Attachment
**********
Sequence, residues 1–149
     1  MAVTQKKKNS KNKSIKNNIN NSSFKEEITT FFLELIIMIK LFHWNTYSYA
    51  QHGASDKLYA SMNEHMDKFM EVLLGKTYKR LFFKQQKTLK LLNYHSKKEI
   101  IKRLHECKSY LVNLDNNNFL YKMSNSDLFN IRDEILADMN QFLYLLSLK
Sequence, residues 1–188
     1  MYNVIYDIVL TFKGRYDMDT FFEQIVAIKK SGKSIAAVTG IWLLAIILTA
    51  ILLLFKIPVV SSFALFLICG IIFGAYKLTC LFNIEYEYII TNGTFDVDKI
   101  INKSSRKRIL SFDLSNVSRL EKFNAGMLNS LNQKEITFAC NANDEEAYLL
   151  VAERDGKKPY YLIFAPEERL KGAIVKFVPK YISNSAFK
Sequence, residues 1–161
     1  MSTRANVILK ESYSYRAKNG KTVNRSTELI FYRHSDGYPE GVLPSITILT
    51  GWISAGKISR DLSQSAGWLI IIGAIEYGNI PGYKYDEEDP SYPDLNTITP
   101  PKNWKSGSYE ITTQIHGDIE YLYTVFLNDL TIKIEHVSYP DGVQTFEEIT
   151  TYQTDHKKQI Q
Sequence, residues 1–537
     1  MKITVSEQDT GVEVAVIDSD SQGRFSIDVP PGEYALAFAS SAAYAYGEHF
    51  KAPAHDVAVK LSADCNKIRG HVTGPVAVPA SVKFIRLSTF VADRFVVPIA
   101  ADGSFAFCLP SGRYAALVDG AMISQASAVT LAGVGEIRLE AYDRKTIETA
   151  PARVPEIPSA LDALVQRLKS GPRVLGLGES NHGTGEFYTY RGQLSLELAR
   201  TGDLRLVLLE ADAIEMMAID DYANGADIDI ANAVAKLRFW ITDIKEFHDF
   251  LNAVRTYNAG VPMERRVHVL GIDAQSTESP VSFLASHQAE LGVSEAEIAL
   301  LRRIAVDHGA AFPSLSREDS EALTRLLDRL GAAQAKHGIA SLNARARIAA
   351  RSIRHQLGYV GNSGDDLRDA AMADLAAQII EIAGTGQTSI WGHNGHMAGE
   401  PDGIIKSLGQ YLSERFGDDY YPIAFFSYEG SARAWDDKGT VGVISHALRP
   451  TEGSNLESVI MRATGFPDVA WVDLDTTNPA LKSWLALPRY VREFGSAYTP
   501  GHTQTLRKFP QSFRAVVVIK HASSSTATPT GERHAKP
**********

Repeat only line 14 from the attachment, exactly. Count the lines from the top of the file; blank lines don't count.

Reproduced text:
   151  TYQTDHKKQI Q